Boeing and Safran have agreed to form a joint venture to design, build and service auxiliary power units (APUs). The 50/50 JV will be based in the U.S.
Boeing and Safran have agreed to form a joint venture to design, build and service auxiliary power units (APUs).
Both companies will have a 50% stake in the partnership, which will be based in the U.S. The completion of the transaction is subject to customary conditions including regulatory and antitrust clearance. The deal is expected to close in the second-half of 2018.
Safran supplies a wide range of components to Boeing commercial and defence programmes, including as a partner to produce CFM's LEAP-1B engine for the 737 MAX (through CFM International, a 50/50 JV between Safran Aircraft Engines and GE).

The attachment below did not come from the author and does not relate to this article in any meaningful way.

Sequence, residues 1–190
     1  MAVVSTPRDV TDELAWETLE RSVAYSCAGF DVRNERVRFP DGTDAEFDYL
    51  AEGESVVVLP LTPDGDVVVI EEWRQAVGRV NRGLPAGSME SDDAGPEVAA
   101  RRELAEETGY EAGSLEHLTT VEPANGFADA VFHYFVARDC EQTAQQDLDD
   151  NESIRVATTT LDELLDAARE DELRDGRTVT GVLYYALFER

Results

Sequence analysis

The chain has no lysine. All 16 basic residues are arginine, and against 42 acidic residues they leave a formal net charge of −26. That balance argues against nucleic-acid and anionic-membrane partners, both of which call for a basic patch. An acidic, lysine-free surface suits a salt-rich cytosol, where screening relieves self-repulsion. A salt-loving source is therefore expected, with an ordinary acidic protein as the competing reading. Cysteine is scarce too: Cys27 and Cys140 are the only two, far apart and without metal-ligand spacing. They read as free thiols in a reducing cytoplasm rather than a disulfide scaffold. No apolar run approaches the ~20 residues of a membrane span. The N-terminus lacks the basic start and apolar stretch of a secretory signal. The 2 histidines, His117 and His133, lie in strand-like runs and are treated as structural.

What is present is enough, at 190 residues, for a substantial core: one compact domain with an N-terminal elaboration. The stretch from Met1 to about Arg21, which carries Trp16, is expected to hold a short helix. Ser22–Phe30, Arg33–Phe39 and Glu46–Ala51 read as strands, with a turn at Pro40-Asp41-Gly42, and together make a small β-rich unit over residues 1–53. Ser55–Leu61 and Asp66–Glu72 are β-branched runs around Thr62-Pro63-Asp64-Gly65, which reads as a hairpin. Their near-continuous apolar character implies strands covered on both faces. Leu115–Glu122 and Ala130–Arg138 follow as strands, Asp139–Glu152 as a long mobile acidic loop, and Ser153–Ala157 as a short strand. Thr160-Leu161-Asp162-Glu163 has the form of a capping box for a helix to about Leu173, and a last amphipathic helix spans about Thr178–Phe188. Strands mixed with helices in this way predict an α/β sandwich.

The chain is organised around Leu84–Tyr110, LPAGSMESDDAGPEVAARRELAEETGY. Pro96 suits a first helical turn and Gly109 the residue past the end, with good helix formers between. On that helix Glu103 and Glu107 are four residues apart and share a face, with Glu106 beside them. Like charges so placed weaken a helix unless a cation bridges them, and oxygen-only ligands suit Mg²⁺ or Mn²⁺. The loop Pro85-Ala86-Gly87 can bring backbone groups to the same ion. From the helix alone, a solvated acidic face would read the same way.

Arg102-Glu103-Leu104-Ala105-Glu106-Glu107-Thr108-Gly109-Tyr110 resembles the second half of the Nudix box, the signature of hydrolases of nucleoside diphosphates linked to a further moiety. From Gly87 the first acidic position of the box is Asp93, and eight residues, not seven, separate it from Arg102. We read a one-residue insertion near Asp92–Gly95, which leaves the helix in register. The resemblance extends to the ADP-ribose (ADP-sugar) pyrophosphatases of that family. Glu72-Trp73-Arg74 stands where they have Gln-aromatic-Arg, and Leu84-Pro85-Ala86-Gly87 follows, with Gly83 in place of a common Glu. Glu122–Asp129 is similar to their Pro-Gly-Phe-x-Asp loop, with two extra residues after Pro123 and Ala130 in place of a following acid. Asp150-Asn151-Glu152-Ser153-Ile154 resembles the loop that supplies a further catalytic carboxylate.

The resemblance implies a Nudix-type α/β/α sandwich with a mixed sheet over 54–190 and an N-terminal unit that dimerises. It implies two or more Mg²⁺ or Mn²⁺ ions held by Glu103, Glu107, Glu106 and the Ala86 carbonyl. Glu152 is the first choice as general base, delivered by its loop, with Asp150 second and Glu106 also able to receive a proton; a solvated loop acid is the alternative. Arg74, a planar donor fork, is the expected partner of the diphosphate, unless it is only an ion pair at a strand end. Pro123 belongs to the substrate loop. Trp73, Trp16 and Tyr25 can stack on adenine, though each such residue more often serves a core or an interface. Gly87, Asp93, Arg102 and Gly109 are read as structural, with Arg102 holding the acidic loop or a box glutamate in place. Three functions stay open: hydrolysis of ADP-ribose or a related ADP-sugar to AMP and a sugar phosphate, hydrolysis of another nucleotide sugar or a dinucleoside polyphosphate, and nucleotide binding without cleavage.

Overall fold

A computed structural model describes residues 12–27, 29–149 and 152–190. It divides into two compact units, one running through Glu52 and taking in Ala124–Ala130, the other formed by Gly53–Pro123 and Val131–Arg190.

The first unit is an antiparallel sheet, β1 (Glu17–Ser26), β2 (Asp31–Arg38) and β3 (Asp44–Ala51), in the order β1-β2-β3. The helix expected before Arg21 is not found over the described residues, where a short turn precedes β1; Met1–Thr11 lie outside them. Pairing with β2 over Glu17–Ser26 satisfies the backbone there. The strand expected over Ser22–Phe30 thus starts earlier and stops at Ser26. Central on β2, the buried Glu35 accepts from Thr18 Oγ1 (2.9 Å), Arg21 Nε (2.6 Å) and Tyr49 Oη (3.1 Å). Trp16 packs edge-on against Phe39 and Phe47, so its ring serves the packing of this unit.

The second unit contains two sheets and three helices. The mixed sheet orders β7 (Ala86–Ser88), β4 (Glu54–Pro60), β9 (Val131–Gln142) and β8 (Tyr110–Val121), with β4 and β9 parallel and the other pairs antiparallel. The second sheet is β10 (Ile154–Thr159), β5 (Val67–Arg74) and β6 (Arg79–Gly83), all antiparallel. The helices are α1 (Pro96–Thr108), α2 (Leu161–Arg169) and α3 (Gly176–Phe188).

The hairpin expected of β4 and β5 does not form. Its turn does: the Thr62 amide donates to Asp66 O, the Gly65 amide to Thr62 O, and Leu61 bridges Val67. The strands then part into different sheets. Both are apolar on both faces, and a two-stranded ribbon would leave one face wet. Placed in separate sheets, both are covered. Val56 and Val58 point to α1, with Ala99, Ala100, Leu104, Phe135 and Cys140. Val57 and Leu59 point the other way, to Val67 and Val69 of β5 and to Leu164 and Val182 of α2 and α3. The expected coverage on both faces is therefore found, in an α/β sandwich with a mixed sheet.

Boeing and Safran are already partners in MATIS (Morocco Aero-Technical Interconnect Systems), a joint venture in Morocco producing wiring products for several airframe and engine companies. The company produces more than 110,000 cables annually and has a turnover of MAD662m (around €59m).
Safran CEO Philippe Petitcolin said the partnership would have no impact on the company's 2018 guidance and its plan to return €2.3bn cash to shareholders over 18 to 24 months.